“’But Christopher, what can you do? We have some drugs that can alleviate the pain, but there is no cure for this disease. You will die from it before you can really do any good.’
“’I’m 106 years old. Do I really have that many months left to live regardless of whether I die of the plague or not?’
“’Those months belong to God, Christopher. I don’t want you to give them away in a hopeless cause.’
“’Bless you, my friend. I know that you are speaking from the heart. But I feel I must do this. Those people, which are still my people, must, at the hour of their deaths, have some human conduit to Christ. If they will accept my love, it will link them to His love. So I must go.’
“What could I say? I knelt and asked for his blessing before he went. I knew I would need that memory for the remaining years of my life without his presence. ‘In the name of the Father, and the Son, and the Holy Ghost.’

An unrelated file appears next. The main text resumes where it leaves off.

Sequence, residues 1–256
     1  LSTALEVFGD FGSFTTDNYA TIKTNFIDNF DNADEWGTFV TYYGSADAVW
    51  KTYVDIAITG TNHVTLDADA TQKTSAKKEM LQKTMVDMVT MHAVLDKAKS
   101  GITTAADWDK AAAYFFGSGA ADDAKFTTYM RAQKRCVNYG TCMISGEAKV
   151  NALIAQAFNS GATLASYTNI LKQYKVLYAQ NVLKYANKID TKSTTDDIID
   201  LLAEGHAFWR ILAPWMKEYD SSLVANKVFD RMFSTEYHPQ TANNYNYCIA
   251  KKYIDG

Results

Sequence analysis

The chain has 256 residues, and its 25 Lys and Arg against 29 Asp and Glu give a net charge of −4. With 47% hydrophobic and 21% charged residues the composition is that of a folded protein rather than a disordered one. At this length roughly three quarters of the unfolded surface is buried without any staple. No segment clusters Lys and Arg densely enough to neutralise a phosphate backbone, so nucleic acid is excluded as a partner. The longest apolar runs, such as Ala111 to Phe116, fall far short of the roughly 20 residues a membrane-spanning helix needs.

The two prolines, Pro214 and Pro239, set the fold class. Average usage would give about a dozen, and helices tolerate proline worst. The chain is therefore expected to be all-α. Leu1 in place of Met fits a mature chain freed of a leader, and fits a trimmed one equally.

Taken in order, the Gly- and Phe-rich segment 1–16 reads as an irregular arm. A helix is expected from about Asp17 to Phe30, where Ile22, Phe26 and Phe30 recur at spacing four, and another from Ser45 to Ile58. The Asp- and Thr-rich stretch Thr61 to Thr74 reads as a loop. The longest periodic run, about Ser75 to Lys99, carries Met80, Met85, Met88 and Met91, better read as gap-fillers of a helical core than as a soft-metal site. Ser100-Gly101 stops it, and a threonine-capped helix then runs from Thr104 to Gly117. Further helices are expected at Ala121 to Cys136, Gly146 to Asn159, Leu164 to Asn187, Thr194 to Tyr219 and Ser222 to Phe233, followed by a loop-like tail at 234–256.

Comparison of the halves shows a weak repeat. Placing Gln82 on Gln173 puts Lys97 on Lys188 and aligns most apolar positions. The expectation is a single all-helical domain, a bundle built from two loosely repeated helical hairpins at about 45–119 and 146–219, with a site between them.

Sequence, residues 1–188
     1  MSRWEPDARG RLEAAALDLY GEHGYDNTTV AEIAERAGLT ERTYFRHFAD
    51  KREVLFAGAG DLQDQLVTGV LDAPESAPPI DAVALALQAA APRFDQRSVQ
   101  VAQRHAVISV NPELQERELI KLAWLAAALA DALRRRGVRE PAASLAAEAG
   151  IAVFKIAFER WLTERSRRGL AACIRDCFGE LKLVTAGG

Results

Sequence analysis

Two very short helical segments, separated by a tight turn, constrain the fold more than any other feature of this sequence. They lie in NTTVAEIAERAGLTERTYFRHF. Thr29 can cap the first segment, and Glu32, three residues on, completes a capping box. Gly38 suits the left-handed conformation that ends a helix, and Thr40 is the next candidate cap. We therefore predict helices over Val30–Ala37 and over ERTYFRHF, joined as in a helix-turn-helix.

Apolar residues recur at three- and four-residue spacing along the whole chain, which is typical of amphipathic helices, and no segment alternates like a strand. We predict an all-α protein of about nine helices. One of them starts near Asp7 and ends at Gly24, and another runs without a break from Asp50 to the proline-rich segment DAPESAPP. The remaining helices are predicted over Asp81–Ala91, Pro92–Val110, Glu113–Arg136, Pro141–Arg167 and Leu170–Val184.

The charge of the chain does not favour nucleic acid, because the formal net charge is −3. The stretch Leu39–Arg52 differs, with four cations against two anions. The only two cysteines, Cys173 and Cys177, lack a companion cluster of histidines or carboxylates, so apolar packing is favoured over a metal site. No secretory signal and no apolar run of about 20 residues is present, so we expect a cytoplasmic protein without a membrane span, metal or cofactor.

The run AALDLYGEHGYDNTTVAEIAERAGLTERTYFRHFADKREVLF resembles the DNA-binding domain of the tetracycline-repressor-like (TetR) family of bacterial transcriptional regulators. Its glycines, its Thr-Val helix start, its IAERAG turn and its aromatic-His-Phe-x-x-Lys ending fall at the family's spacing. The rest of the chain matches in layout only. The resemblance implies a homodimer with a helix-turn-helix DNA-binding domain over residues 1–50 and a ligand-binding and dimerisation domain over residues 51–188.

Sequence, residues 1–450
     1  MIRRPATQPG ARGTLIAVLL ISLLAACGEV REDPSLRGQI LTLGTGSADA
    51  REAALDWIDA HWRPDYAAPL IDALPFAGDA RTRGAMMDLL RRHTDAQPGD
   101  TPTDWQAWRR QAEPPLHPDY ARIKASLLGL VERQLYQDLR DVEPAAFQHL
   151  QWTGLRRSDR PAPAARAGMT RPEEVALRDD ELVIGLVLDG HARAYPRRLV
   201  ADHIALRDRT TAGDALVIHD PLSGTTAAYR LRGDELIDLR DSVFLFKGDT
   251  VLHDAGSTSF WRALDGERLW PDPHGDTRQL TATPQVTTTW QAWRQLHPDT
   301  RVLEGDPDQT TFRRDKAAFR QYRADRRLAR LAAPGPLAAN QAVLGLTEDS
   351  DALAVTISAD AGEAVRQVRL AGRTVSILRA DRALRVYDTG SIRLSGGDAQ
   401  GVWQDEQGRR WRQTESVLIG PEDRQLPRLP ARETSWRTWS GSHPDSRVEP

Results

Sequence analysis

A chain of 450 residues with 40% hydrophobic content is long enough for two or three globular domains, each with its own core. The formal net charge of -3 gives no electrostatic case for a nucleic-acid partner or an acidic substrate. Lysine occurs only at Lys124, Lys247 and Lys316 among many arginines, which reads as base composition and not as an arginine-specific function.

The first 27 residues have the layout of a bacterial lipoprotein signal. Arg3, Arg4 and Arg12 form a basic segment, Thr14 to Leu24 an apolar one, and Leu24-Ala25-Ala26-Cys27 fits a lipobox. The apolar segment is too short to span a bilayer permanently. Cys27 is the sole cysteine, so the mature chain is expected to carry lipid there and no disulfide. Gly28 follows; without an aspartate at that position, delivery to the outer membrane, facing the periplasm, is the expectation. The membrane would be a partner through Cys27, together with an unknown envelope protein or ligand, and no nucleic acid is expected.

“That was six months ago. For some reason, known only to God, the Reverend Christopher Grey did not come down with the plague. The plague went down before Christopher Grey. He did not administer any drugs, but he was able to heal all those he came in contact with who had contracted the plague. What was his method? It was quite simple. In the case of the adults who came to him, he laid his hand on their foreheads and asked the Lord Jesus to come into their soul in order to heal them. And with the children he did likewise except that he took them into his arms as he asked Jesus Christ to heal them. Did he convert a whole nation because of his efforts? No, of course not. The whites, once they were healed, started talking about psychic forces and psychological factors that harnessed the power of the mind and gave the body assistance in fighting off disease. And many of the coloreds and the Moslems attributed the healing powers of Christopher Grey to the devil. But still, there were more than a few who were cured of the disease who did call on Him who saves for the first time in their lives. Whether that initial awakening will turn into faith is difficult to predict, but the grace of God was present, through Christopher Grey, in that heathen nation.